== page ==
In the Humble Opinion of LittleBill, Socialist, Atheist, and Humanist
World Terrorist

This man is getting scarier and less realistic day by day and hour by hour. He has, of course, talked about "terroristststs" ever since he embarked on his catastophic adventure in the middle east.

Now, however, his motivation has definitely changed again. First, it was Sadaam Hussein and his weapons of mass destruction, but that didn't pan out exactly as planned (we found out). Next it was bringing democracy to Iraq (with all eyes on the future and the distance). That is not going well, either, with more and more Iraqis demanding that we get the hell out. They, a people unused to voting, were suckered into the process on the day the vote began, motivated by hope, but with little knowledge of what it was supposed to achieve for them. (That is not hard to understand, seeing as how we, the citizens of the world's greatest democracy, were suckered into two of the most preposterous elections in human history, with hangers-on reportedly still at work on the same tactics in the election earlier this month.)

So now he is highlighting the terroristststs and stressing that if we do not defeat them over there, they will attack us over here. Unless his government can do alot better at preventing the terroristststs from attacking us here at home, it won't make any difference if we prevent them from attacking from Iraq. On what basis can he make a reliable claim that killing everyone in Iraq through the deaths of thousands of our own forces will be successful at anything beyond reducing the populations of both countries? And, of course, this does not take into account the morality of his methods, if morality is high on your list of values.

It is very likely that if you took transparent copies of all of his speeches and laid them, one on top of the other, that all of the words would line up. They are heavily laden with words like freedom, values, liberty, freedom of religion, peace, happiness, families, freedom, liberty, faith, values, freedom, etc. on one side, as opposed to terroristststs, hate, killing, terroristststs, etc. on the other.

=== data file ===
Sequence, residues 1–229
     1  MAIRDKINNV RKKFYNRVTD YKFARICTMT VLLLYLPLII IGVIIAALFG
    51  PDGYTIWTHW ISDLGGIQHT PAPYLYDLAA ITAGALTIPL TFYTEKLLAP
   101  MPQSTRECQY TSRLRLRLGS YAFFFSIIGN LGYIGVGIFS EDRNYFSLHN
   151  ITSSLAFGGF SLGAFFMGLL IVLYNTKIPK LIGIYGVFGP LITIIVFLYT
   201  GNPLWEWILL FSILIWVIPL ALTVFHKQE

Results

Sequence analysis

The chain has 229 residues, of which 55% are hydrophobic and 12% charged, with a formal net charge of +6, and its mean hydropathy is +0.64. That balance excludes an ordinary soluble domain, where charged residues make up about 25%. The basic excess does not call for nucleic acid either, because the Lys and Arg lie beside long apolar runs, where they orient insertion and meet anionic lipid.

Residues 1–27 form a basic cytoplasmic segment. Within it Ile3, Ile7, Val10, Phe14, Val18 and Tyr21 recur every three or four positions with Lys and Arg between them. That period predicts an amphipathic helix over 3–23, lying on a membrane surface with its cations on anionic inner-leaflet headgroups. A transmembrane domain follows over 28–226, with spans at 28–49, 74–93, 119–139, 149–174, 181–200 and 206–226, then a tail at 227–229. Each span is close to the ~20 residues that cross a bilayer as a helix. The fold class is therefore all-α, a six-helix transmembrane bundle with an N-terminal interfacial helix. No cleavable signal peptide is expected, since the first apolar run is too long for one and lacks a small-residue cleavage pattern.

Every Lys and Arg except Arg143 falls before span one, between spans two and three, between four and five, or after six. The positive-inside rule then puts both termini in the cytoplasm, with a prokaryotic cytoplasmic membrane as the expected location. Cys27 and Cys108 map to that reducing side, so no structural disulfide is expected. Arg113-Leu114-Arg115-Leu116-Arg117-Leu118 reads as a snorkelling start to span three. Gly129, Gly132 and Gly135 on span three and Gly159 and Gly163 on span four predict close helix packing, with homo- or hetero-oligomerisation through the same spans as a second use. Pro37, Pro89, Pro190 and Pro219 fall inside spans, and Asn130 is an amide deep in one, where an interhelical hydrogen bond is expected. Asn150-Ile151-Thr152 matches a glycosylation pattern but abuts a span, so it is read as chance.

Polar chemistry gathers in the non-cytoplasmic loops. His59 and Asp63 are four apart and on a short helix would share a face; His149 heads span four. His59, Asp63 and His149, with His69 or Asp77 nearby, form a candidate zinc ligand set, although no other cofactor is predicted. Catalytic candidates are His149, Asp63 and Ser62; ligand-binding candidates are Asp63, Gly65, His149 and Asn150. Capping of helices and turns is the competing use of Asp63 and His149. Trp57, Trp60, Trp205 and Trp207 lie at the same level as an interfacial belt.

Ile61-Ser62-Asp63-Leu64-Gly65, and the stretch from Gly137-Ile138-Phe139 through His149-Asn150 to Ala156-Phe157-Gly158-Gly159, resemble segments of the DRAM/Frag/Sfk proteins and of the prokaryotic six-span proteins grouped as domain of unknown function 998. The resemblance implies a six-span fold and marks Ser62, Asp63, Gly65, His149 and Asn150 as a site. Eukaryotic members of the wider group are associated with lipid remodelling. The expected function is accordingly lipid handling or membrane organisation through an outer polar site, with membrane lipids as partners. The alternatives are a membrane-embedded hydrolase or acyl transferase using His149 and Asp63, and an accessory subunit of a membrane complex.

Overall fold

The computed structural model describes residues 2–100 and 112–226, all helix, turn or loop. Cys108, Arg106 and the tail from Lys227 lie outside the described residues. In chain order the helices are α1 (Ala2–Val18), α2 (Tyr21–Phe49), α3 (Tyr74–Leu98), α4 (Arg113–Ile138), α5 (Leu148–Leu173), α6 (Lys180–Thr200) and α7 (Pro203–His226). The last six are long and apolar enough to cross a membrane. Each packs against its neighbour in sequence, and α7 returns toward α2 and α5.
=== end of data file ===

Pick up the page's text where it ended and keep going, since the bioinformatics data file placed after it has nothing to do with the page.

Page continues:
As of today, Muqtada al-Sadr and his coalition have left the government, supported by members of other groups, as promised, following the meeting between Bush and al-Maliki. Their meeting, incidentally, accomplished nothing but a carbon copy of his earlier speeches.

It is apparent in every word and gesture from Bush, that what he wants most to defend is his claim of calling from God to bring democracy and (Christian) faith to the world.

3 comments:

Beach Bum said...

To some degree I worry about what Bush might do now. I think deep down he understands that the mid-term loss came mostly from the country's lack of confidence in his leadership. His apparent refusal to even consider a different course in Iraq reminds me of the actions of a very spoiled child whose slack parents have finally had enough of their child's bad behavior. Such children sometimes lash out to get even. Would Bush do something like that? Honestly yes, I think he could to prove his manhood and leadership. What actions might he start? I'm scared to think of the possibilities.

HILLBLOGGER said...

What worries me is that Bush has gone back to boozing. Can you imagine what he might do when he's pissed off while he's drunk?

I wouldn't like to be in Teheran when that happens.

pekka said...

Not too long ago the official line in the White House was that al-Sadr is just another fringe player doomed to fade away as an irrelevant blimp on a radar screen. They were wrong. This week Dubya praised al-Maliki as a strong and commited leader ("you've done a heck of a job"). He is wrong. This makes me to conclude that the wisdom and truth is always diametrically opposed to what these men suggest. Makes things nice and easy, doesn't it?